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I've heard of too many horror stories of people opening a seemingly innocent docx or pptx file that they've got from a business partner, only to find out that it had embedded malware inside. What should a security conscious person do if they receive a doc or a ppt file that they wish to see the contents of, but cannot guarantee the reliability of its source? Is there any recommended practice to handle this, besides 'don't do it'?

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    Open it with LibreOffice on Linux would be a good starting point.
    – ThoriumBR
    Jan 19, 2021 at 18:23
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    Disable macros and scan with anti-virus? Confirm the file with the sender? There are some very basic recommendations that have been around for years. Are you looking for something more than that?
    – schroeder
    Jan 19, 2021 at 19:03
  • Yes, just wondering is there an IT industry standard approach beyond the basics, since I imagine it's common problem.
    – Mahn
    Jan 19, 2021 at 19:37
  • You switch back and forth between speaking about doc/ppt and docx/pptx. That's a huge difference Jan 19, 2021 at 20:29

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There are a number of ways that you can deal with files that can be malicious depending on the amount of time and expertise that you want to invest. Here are a few ideas and suggestions:

  1. Anti-malware product

This is essentially the bare minimum. Have some form of anti-malware product on your system where you can force a scan of the file and see what it says. This is typically great for known malware families and will give you a good indication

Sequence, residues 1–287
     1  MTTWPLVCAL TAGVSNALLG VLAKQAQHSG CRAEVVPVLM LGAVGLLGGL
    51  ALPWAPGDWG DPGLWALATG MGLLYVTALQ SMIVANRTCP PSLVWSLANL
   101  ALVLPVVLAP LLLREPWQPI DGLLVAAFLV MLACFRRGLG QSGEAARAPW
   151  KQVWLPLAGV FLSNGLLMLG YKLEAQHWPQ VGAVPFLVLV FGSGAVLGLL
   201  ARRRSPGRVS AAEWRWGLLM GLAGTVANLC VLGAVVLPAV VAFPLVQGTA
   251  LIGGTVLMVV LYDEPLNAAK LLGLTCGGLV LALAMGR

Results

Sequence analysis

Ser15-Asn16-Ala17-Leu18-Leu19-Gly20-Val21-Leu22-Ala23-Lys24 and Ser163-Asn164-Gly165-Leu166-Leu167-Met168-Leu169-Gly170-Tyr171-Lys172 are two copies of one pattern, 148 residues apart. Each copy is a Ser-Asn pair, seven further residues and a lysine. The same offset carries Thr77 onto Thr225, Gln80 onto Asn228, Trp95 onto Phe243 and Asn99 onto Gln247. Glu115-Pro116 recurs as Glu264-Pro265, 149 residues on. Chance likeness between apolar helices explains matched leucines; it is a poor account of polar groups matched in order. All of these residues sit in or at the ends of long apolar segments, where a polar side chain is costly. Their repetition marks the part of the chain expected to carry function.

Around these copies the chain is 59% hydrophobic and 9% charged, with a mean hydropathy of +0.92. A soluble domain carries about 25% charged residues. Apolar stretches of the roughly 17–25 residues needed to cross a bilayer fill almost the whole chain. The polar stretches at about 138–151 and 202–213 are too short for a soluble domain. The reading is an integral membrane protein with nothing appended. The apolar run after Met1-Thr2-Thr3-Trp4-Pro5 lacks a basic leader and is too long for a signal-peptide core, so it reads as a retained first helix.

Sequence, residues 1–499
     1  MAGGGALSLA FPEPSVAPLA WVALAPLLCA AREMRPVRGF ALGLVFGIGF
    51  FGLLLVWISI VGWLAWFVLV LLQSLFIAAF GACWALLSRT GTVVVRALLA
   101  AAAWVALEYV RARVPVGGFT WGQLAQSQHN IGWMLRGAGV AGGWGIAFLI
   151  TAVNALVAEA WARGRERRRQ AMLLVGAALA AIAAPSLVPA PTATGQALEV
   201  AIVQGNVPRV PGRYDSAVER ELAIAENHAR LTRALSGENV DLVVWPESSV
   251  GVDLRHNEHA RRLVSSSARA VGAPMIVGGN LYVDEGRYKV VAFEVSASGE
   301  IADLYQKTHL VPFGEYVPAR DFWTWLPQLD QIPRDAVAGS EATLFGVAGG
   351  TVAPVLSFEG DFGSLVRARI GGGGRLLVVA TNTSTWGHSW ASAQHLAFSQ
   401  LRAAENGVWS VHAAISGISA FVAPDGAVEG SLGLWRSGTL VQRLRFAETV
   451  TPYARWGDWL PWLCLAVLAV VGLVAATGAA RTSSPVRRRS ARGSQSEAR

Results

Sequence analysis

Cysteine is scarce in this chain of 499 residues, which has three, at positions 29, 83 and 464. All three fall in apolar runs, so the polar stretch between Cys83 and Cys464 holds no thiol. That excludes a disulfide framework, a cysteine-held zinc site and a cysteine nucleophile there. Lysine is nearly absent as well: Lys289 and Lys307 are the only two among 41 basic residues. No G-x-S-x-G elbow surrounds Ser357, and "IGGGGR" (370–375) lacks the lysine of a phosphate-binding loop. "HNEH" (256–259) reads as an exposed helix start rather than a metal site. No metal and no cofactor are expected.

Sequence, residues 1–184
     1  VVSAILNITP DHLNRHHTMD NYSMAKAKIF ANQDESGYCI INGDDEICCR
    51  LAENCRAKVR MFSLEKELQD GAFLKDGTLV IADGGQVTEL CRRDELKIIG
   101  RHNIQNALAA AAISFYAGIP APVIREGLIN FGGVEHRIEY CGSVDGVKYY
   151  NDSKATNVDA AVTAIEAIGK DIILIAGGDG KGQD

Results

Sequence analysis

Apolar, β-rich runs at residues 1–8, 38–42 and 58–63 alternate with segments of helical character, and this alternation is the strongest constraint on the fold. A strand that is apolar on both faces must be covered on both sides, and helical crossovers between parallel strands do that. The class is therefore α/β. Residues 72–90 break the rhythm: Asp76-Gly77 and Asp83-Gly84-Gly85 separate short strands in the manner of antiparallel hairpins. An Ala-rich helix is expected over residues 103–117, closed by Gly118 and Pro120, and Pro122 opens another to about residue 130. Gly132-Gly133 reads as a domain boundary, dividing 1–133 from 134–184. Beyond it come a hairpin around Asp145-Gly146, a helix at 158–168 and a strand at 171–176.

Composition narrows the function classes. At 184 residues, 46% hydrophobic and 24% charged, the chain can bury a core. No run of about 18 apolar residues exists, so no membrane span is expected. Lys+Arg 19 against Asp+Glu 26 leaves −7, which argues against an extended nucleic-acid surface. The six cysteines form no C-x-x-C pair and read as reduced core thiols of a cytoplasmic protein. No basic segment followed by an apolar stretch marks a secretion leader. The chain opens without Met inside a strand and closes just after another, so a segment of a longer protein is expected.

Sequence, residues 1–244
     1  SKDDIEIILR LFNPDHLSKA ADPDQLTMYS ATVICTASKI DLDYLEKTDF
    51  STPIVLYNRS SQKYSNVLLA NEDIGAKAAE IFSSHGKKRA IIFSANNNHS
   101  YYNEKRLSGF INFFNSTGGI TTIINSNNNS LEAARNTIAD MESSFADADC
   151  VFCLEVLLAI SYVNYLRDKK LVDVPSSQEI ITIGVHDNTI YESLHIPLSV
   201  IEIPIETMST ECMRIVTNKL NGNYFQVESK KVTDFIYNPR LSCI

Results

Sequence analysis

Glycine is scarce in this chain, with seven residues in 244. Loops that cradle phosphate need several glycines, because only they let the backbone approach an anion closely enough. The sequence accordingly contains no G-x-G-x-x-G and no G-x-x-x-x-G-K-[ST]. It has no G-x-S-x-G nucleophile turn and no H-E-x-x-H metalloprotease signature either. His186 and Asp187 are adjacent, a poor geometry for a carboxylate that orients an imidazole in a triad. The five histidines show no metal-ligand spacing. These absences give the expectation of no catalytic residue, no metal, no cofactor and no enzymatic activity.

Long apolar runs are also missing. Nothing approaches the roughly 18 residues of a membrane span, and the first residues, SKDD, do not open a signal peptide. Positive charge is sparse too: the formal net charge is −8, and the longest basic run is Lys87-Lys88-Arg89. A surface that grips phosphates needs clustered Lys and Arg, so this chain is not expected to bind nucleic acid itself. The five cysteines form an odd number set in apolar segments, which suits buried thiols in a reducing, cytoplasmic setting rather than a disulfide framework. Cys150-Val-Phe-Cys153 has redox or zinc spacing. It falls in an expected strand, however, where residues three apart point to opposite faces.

1. Best practice based on how the file was received

Did you expect to receive the document? Who has it come from? Are you being asked to enable active content when the file opens? Is it in a password-protected archive with the password in the body of the e-mail?

These are all common questions we can ask ourselves when receiving files (especially via e-mail). In many cases, a malicious attachment will be an unexpected / generic e-mail from someone which you weren't expecting.

  1. Use a Sandbox

Sandboxes allow you to see the behaviour of the file without opening it in your environment. These typically do a deeper scan of the file than you will get with on box anti-malware products. There are a number of cloud sandboxes that you can try:

A word of caution here; beware of submitting private files to free-to-use services. If you are not paying for the service, your file will most likely be shared among the community. This is of course great for malware samples, but less so for confidential information.

  1. VirusTotal

Finally, VirusTotal gives a good representation of what the industry as a whole knows about files. You can also upload samples to get them scanned by multiple vendors at once. NOTE: The above caveat about privacy applies.

Here you have to make your own decision, do you believe a file is malicious if 1, 10, 20, 50 vendors mark it as malicious?

As you can probably tell there is no one size fits all answer to this question.

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